The city of Gatlinburg, Tennessee has quite an interesting history. Here is an abbreviated discussion of how we got where we are.
The Ogle Family
The Oglesby family were the first individuals to settle the Smoky Mountains of Tennessee. The family moved from South Carolina in the 1800’s and would later change their name to Ogle. William Ogle worked with the Cherokee Indians to build his family’s cabin.
After building his family’s cabin in East Tennessee, he returned home to South Carolina where he tragically passed away from Malaria. After his death, his wife, Martha Ogle, moved with her seven children to live in this place that her husband described as a “land of paradise.”
White Oak Flats
Before the area gained the name Gatlinburg, it was called White Oak Flats, a name derived from the types of trees found around the land.
As the years passed, settlers made their way to the little town of White Oak Flats. A majority of these settlers were Revolutionary War veterans from North Carolina. The town began to grow as the residents started businesses and built a school and a church. In 1835, the first Baptist church was introduced to a Presbyterian community. The first school was finished in 1867, although it was initially only in session three months out of the year.
Enter Mr. Gatlin
In 1854, a rather unpopular gentleman named Radford Gatlin purchased fifty acres of land that joined land owned by the Ogle family. Gatlin also made claim to thousands of acres in what is now Sevier County. Gatlin had obtained notoriety for a disagreement with the Baptist church, which allegedly resulted in a fistfight on church grounds.
Gatlin opened a general store, followed by a post office located in the store, in White Oak Flats. The town changed its name after Gatlin opened his post office, although the specifics of how the name change happened are very unclear.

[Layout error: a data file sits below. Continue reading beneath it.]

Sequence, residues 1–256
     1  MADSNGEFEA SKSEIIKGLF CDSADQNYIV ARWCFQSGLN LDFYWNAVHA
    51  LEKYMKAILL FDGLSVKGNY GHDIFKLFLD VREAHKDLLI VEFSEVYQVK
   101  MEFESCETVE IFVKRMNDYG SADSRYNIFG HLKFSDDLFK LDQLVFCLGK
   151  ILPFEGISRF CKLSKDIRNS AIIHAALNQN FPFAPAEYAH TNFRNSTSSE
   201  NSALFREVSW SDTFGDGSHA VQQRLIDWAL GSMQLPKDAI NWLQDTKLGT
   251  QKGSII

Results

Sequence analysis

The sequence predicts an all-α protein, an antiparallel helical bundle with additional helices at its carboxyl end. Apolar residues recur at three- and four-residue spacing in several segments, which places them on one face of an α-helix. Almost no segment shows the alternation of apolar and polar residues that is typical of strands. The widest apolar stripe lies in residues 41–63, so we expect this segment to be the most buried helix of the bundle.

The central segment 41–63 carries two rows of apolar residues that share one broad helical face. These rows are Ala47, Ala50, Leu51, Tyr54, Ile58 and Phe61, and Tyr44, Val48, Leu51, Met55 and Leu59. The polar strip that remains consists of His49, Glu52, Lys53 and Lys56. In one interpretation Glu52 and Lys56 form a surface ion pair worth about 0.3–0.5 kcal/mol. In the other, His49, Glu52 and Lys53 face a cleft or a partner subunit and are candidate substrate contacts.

Despite his success in the area, Gatlin was highly disliked by town residents because of his outspoken nature and a very public feud with the Ogle family. Even after the town name change, it is said that Gatlin was banished because of his political beliefs.
In 1937, Mr. R.L. Maples, Sr. sold his property in the area known as the Sugarlands to the National Park Service. He then moved his family to Gatlinburg and built the original structure that would grow to become the Historic Gatlinburg Inn. To this day, the inn remains in the hands of the descendants of the Maples family and is the only one of the original town hotels still remaining.
The Arts and Crafts Community was also established in 1937, followed by the dedication of the Great Smoky Mountains National Park in 1940.
In 1954, the Gatlinburg SkyLift opened up, immediately becoming a huge hit with tourists, many of whom still return annually to take the ride up Crockett Mountain for the best view in Gatlinburg. It was built on land right next to and owned by the same family who owned the Historic Gatlinburg Inn.
In 2016, massive wildfires swept through Gatlinburg, destroying many properties, burning thousands of acres of land, and displacing thousands of residents and tourists. The citizens and business people in the area banded together to quickly rebuild. Today you can still see remnants of the fire, but tourism into Gatlinburg has returned stronger than ever.
Included in the wildfire destruction was the Gatlinburg SkyLift, but it has been rebuilt even better than before (allowing for three riders per seat) and is now paired with the all new SkyBridge (the longest pedestrian suspension bridge in North America) to create a truly breath-taking mountain experience.
Over 200 years after Gatlinburg, Tennessee was settled, it is now the second most popular wedding spot in the United States, has a multitude of attractions that brings in millions of visitors a year, and is home to over 522 thousand acres of the Great Smoky Mountains. A visit to Gatlinburg offers resorts, hiking trails, arts and crafts, wildlife and spectacular mountain views.
Without the journey Martha Ogle made with her children to the cabin her husband built so long ago, there might not be a Gatlinburg, Tennessee.
Ogle Cabin photo – By I. Brian Stansberry, CC BY 2.5, https://commons.wikimedia.org/w/index.php?curid=2529275